Thank you Paul for asking me to write this article for ISJAC and to everyone who has read it!   It has been a pleasure to have spent some time sharing this musical experience of mine with you!

Yours truly,

Jorge Calandrelli [Bear Valley Springs, CA 2018]


Listen to the Concerto (Excerpts)


About the Author:

JORGE CALANDRELLI  began his career in Argentina and Europe as Pianist, Arranger and Conductor. Calandrelli moved to the United States in 1978, he is one of today’s most prolific arrangers and has worked in the Pop, Jazz, Latin, and Classical fields.

Jorge, the youngest of six, was born in Buenos Aires, Argentina. Matias Calandrelli, his father, was a medical doctor, an eminent chess player, president of the Argentine Chess Club and a lieutenant colonel physician in the Argentine Army. His mother, Nieves Solá Calandrelli played classical piano, was fluent in French and was the daughter of Juan E. Solá, a prominent politician and an early member of the Jockey Club of Argentina.

Calandrelli toured Europe for three years with his Quintet and then returned to Buenos Aires to perform as a professional pianist with his Jazz Trio while arranging and conducting for major recording artists and record companies.

His formative private studies included Piano with Guillermo Iscla, Harmony and Counterpoint with the renowned composer Carlos Guastavino, Composition with composer Roberto Garcia Morillo, Altered Harmony with Jacobo Fischer and Master Classes in Contemporary Composition with composer Gerardo Gandini.

OF NOTE   ASMAC honored Jorge Calandrelli with the 2014 Golden Score Award for Arranging, the highest award that could be given to an arranger in the USA.

Most recent is Jorge’s involvement on the new album  “Cheek to Cheek”  with  Tony Bennett  and  Lady Gaga  where he arranged and conducted all orchestral arrangements, as well as the “Great Performances” live show conducted for  PBS  at the Lincoln Center in New York just aired on the heels of the album release. He also conducted on the Tour at the Wiltern Theatre in LA, the Hollywood Bowl in LA, and at the Royal Albert Hall in London. With the completion of the  Duets II  album Jorge Calandrelli reaches a milestone celebrating a 30-year association with  Tony Bennett  with  13  albums recorded,  6  Grammy nominations and  2  Grammy Awards won.​

As both composer and orchestrator, Jorge Calandrelli, has been involved in films and television. His most recent TV score “The Rain” (Director: Nazomu Amemiya) co-composed with Kuni Murai, a four hour docudrama, premiered in  2010 for  Japan  Television.  “Crouching  Tiger / Hidden Dragon”  (Director Ang Lee); “The Color Purple” (Director Steven Spielberg); “The Billionaire Boys Club” (Director: Marvin Chomsky); “Tron” (Director: Steven Lisberger); “The Shining” (Director Stanley Kubrik); “Sola” (Director: Raul De La Torre); “The Great Mouse Detective” and “I’ll be Home for Christmas”.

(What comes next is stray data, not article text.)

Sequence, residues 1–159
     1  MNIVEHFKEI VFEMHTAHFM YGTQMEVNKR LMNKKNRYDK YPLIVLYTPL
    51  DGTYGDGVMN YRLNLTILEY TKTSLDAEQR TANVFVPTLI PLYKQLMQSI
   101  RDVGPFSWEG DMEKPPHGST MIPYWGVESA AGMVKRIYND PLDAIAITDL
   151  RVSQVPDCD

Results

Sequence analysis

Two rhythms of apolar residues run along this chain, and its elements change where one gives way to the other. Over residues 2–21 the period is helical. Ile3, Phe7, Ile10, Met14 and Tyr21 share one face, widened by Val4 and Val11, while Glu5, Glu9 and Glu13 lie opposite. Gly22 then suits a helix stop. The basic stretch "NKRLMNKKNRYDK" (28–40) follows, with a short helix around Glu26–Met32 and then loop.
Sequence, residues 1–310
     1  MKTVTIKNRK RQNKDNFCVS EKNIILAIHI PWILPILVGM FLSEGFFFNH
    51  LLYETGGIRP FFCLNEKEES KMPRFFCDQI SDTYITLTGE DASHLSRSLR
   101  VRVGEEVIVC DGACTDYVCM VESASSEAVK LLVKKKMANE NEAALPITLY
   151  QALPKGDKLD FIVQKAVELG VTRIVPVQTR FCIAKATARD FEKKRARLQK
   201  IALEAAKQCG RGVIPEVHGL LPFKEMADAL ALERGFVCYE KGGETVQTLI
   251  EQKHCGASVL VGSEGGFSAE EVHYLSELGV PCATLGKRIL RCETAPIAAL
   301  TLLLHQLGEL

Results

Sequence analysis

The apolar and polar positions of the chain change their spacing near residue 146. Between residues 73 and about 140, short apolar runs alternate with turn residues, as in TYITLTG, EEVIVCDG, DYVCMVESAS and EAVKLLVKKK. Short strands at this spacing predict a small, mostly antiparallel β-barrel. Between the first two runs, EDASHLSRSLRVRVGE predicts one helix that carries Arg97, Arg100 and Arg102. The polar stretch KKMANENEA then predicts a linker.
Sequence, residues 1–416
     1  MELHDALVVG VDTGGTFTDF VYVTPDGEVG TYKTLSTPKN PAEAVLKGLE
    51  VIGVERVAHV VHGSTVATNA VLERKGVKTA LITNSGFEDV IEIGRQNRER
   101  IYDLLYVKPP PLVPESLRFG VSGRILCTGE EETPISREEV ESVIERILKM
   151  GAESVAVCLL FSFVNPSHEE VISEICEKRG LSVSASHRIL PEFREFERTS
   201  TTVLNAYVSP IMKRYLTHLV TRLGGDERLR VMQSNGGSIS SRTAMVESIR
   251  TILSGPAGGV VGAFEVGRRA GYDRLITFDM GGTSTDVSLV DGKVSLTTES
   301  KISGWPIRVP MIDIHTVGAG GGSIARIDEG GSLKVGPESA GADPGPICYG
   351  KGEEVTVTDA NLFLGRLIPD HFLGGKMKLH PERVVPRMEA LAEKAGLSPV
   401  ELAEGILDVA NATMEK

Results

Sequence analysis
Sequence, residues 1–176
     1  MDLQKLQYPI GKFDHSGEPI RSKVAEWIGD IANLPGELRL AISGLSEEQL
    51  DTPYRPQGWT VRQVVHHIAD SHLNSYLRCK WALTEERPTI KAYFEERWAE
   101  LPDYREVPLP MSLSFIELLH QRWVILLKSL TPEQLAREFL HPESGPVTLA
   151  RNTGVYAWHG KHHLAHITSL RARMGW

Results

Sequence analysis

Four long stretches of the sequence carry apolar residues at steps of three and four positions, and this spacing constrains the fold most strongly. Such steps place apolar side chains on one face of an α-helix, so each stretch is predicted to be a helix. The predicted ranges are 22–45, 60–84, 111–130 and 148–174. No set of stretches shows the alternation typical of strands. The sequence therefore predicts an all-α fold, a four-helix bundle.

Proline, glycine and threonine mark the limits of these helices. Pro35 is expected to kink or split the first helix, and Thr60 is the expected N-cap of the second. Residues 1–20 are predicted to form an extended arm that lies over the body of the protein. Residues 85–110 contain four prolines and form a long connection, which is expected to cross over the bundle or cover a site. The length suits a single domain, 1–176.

“Concerto for Jazz Clarinet and Orchestra” Calandrelli’s concert works have been performed worldwide, this composition has been premiered in several countries and singled out in Michael Roeder’s book “A History of the Concerto”Calandrelli also received the nomination for, “All Music Composer of the Year” the London Wavendon Award, for the Concerto. The latest performance of the “Concerto for Jazz Clarinet and Orchestra” was in Buenos Aires at the Teatro Colon by the Orquesta Filarmónica of Buenos Aires and in Cordoba, Argentina, by the Orquesta Sinfónica of Córdoba for the Bicentenialcelebration of Argentina.

“Escapade in D minor” (2003) commissioned and premiered by The Henry Mancini Orchestra for Arturo Sandoval, conducted by Calandrelli.

“Fantasy for Piano and Orchestra” commissioned for pianist Tian Jiang and premiered by Tian and the Shanghai Symphony Orchestra during their 2003 US Tour.

Mr. Calandrelli is currently finishing his work on a collection of “Piano Pieces”, to be premiered by Sonya Belousova, as well as working on a piano concerto, “Diptych for Piano and Orchestra”.

Jorge Calandrelli has worked as Executive Musical Director for The Concord Music Group for three years.

Mr. Calandrelli continues to work independently with a diversity of artists and projects. He serves on the Board of Directors of the American Society of Music Arrangers and Composers (ASMAC), as well as having served on the Board of Governors of the National Academy of Recording Arts and Sciences (NARAS).

Artist Blog

Thinking Forward (Blog 17)

by Paul Read, ISJAC Artist Blog Curator

This month’s blog is a blog about blogging (say that three times very fast)… and the ISJAC blog in particular. This is our 17th entry… can you believe how tempus fugit?

A little background to start with:

When asked to curate the ISJAC Artist Blog a year and half ago, I agreed because I am of the opinion that composing and arranging involve life-long learning. And having a place on this site where jazz composers/arrangers might share ideas, experiences, or muse/opine about anything at all seemed (and still seems) like a terrific idea to me. I’ve been composing and arranging music in a variety of genres and styles since I was about 16 or 17 (I turn 70 next February…Yikes!!) I have had wonderful teachers over the years (there’s a list in my Mar 1/17 article), and like most music creators, I find I am constantly learning – by doing, by studying scores, by listening, improvising, experimenting, and so on. Thus, I’m sure you will understand why I have really enjoyed the blogs that have been posted so far and have found them both  inspirational and informative.